So I’m looking in Hosea. I’m in the fourteenth chapter, and I’m starting to read, and I heard God’s voice as I read. It wasn’t just His Word. He was giving me a promise. Hosea 14:1–8, and I use my name: “Oh, Thomas, return to the Lord your God, for you have been crushed by your sin. Take words and come back to me for my anger will be forever gone. I will love you freely, Thomas. You will blossom like a lily. Your words will go deeply into the soils of Lebanon and your people shall return from exile far away and move beneath my shadow.”

That’s been over thirty years since I came to the foot of the cross. And I have seen His promise kept in every way. But the last verse, His anger has been gone from me. I see His love every single day. My foot has not been moved.

And when I’m out in the world, people often say, “Oh, you’re so beautiful.” Now, you think, Friends say that, but this hunk of clay, how can they say that?

Then He always has me stopped dead in my tracks when He reminds me that He promised me that I would blossom like a lily. And the people that say that, can see Him. Each one of those persons He has promised, and I have vowed that I will see the day for the last person to be fulfilled, that my people shall return from exile far away and will rest beneath the shadow.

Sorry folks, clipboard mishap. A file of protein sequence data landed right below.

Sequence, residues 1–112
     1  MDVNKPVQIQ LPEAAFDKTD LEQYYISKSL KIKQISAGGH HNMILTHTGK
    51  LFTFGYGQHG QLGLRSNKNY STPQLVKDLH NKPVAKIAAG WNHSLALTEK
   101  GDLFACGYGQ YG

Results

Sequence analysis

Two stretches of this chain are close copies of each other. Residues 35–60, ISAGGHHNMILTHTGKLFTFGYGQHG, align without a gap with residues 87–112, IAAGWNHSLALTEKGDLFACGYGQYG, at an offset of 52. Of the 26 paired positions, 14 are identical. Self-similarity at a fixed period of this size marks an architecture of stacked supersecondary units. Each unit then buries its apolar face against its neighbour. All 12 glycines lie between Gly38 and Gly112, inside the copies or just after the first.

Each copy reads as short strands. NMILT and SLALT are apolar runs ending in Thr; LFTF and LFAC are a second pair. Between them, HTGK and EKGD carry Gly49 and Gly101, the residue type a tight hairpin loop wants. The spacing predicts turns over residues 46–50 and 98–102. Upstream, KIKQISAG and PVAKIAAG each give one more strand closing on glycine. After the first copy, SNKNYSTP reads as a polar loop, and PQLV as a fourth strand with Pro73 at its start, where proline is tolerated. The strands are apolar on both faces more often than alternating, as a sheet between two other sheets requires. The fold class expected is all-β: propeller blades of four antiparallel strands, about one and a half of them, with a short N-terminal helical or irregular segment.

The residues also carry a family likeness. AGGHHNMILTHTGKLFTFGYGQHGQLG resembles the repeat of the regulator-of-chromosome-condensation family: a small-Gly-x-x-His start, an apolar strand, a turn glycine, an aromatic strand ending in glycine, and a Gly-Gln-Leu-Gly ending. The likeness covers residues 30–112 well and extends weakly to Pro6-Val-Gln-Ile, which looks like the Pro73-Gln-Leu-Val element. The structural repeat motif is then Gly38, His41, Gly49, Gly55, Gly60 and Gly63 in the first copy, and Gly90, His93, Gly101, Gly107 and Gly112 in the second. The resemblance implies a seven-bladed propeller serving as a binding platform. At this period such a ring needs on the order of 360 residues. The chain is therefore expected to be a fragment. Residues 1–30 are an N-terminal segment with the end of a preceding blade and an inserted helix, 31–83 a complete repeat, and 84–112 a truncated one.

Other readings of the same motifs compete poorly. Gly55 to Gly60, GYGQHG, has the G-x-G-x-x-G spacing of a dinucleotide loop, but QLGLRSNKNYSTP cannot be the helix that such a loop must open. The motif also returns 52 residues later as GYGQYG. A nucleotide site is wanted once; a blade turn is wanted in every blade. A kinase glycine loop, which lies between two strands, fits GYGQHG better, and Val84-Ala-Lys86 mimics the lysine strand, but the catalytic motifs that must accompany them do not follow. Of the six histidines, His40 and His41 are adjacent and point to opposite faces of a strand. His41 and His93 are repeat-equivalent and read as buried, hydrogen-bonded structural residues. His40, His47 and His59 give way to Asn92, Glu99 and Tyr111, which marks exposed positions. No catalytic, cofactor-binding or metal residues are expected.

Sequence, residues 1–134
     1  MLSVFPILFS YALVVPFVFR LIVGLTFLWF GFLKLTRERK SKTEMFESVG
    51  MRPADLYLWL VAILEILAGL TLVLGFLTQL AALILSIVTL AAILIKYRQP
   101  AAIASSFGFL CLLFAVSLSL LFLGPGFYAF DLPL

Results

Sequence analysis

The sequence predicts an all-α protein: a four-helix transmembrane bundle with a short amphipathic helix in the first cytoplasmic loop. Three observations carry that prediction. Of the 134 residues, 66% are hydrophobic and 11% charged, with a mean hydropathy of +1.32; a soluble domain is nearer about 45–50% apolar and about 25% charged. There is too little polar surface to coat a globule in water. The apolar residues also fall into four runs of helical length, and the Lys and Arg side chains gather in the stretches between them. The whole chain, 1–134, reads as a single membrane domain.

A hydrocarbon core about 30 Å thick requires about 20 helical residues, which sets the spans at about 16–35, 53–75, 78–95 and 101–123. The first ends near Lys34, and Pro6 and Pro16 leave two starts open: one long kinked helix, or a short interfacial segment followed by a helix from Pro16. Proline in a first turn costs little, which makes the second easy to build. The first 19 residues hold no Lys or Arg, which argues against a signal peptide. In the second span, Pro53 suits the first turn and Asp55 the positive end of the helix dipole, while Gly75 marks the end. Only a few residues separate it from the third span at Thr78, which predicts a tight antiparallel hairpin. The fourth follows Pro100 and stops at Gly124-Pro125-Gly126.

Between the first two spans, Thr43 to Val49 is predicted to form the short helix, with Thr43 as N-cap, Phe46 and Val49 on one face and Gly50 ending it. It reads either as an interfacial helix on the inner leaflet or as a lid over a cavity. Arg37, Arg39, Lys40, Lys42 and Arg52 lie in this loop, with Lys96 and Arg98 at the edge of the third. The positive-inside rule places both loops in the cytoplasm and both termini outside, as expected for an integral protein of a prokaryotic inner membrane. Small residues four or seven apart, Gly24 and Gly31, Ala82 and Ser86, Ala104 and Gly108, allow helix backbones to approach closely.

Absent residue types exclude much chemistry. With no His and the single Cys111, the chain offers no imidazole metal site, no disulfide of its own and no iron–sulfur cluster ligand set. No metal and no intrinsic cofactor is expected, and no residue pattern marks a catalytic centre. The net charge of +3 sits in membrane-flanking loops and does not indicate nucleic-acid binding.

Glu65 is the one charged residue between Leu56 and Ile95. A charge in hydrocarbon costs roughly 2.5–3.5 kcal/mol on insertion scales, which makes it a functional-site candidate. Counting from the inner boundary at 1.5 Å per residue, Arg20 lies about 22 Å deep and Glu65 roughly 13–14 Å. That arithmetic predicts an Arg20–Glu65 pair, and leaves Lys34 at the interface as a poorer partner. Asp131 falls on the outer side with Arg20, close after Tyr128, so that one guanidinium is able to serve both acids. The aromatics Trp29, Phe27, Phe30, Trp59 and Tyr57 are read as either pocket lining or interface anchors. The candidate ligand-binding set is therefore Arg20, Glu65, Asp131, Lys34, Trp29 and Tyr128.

The promise was so overpowering that I went on the floor, flat, faced down, cried out for mercy, and told Him that I could not walk the path that He had so chosen, that it was unbearable, that I couldn’t do it, that I didn’t want to live, but if this is what He had for me, He had to live in me. He had to do it.

That night, in the dark, I totally surrendered my life to Christ. I totally came to Him in my shame.

Nancy: That’s Sue Thomas. She’s been telling us about some of the intense challenges she had growing up after losing her hearing at just eighteen months of age. She was reading my lips during this interview.

But Sue realized that she had a far greater need than her physical hearing. She needed to be forgiven of her sin and connected with God. That need was met through Jesus Christ.

Now, I’m sure that the details of your story are different than those of Sue Thomas, but as was with the case with Sue, we’ve all made decisions that we regret that hurt other people. And today, perhaps, as Sue has shared in her story, you’re ready to put your faith in Jesus Christ to forgive your sin and to give you a new life.